At least I have choices when it comes to movies. Even to what my wife refers to as "cheesy" sports movies, such as the one that I reviewed for Spokane Public Radio:
Gavin O’Connor knows how to explore the trials and tribulations of the sports world. His 2004 film “Miracle,” which perennially ends up on best-sports-films-of-all-time lists, documents the improbable victory of the 1980 U.S. ice hockey team over the vaunted, and seemingly unbeatable, group of players fielded by the Soviet Union.
O’Connor is especially strong, though, when he melds sports with family strife. His 2011 film “Warrior” pits two brothers, played with requisite intensity by Joel Edgerton and Tom Hardy, who end up facing off in a mixed-martial-arts cage fight. The fury of their relationship is fueled both by a sense of mutual betrayal and by the machinations of their now-sober father, played by Nick Nolte, who – well-meaning or not – wants to make up for his years of domestic abuse.
And now we have “The Way Back,” which has comparisons to both “Miracle” and “Warrior” – not to mention another film on that greatest-of-all-time list, David Anspaugh’s 1986 high-school basketball classic, “Hoosiers.”
For one thing, “The Way Back” tells the age-old tale of the underdog. Not only does that description fit a team, an underachieving squad of prep hoopsters that hasn’t posted a winning record in decades, but it applies also to the man – Jack Cunningham – whom the Catholic school’s rector invites to step in as coach. As played by a hulking, grizzled Ben Affleck, he’s a former star who’s spent the last few years drinking himself into a stupor.
Why the new coach is a drunk, a situation that has alienated him from those he loves – including his estranged wife – is only gradually revealed. But, spoiler alert, it has to do with cancer, and with a painful loss, all complicated by the lingering pain of a troubled father-and-son relationship that led not only to a family schism but also to our protagonist’s turning away from the sports at which he had once excelled.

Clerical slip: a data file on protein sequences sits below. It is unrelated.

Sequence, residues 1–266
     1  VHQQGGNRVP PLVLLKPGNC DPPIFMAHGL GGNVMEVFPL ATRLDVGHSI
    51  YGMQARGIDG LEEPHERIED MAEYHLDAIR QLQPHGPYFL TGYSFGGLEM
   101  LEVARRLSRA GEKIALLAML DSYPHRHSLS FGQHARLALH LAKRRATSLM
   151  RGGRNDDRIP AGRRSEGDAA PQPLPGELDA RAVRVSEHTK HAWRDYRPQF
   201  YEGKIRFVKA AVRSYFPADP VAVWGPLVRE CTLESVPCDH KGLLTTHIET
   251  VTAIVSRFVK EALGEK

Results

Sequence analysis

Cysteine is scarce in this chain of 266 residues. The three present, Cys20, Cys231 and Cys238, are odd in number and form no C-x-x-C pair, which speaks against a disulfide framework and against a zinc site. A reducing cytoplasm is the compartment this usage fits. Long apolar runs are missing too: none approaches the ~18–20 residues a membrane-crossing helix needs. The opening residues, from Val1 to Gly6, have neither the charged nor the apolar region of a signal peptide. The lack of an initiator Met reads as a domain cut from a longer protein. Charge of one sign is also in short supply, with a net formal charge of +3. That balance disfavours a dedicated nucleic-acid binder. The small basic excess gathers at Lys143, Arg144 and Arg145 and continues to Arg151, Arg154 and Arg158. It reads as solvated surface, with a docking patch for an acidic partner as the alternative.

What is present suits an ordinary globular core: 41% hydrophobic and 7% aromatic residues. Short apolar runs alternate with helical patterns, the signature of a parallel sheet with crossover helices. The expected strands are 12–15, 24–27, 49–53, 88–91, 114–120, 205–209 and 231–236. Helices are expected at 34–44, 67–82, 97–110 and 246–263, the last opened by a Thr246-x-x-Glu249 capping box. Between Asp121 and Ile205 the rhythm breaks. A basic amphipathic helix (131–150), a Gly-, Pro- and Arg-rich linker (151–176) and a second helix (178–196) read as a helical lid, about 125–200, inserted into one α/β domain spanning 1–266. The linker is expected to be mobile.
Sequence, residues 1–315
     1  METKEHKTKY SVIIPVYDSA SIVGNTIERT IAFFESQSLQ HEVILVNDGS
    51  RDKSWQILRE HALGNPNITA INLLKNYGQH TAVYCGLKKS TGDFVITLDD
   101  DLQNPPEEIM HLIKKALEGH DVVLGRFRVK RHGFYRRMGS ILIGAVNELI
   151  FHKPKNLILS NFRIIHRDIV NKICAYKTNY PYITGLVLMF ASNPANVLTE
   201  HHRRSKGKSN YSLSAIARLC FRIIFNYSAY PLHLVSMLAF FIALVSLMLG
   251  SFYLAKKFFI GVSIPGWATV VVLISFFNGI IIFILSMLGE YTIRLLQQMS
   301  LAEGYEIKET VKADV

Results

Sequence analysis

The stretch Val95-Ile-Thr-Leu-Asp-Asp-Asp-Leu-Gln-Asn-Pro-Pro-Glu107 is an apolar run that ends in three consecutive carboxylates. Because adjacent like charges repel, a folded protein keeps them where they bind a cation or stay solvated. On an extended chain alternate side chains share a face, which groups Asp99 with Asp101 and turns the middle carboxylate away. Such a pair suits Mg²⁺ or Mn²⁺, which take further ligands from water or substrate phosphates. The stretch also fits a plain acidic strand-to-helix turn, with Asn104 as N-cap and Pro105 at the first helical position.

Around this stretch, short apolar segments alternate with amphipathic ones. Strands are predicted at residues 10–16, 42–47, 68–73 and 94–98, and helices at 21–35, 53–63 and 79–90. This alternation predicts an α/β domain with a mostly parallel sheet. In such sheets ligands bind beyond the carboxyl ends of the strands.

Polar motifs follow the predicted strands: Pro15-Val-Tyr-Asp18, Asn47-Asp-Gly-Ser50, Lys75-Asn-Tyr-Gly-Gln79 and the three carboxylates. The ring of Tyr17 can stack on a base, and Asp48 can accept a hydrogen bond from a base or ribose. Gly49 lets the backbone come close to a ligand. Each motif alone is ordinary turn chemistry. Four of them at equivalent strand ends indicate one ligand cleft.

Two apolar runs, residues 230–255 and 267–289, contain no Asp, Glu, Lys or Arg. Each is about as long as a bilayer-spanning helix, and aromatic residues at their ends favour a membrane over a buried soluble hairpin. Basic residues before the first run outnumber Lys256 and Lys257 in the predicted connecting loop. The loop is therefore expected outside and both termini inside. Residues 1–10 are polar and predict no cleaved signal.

And the reference to Anspaugh’s “Hoosiers”? That’s the most obvious similarity. Because of course Jack, along with resurrecting himself, must find a way to make a ragtag group of losers believe that they can not just compete but can actually defeat teams that traditionally trounce them by 40 points or more.
Among the players are the standard suspects: the talented kid who needs to learn a lesson in humility and discipline; the lover-boy whose various romantic entanglements not only come back to haunt him but are played largely for comic relief; and the dedicated athlete with father issues of his own who must learn how to find his voice as a team leader.
“The Way Back,” though, is as much about Coach Jack as it is about the team. And while the storyline – based on a screenplay by Brad Ingelsby – doesn’t really plow any original ground, it doesn’t simply duplicate the game plan formulated by “Miracle,” “Warrior” or “Hoosiers” – not all the way, at least. Ingelsby’s script finds a way to end things without the – for want of a better word – ultimate miracle finale.
Affleck deserves special mention for not just for pulling off a credible acting performance but for, given his own well-publicized struggles with alcohol, taking the role of Jack in the first place. An actor who began his career as a cocky guy who, buoyed by a screenwriting Oscar shared with pal Matt Damon when he was just 25, Affleck as he has aged has been an easy target for haters.
But he has tried to change his public persona over the years, tackling dramatic roles such as that of the late George Reeves in 2006’s “Hollywoodland” and in directing the Oscar-winning 2012 film “Argo.” His performance here may not change all opinions about him, but it should revise at least a few.
Which, if you think about it, is something of a miracle all by itself.
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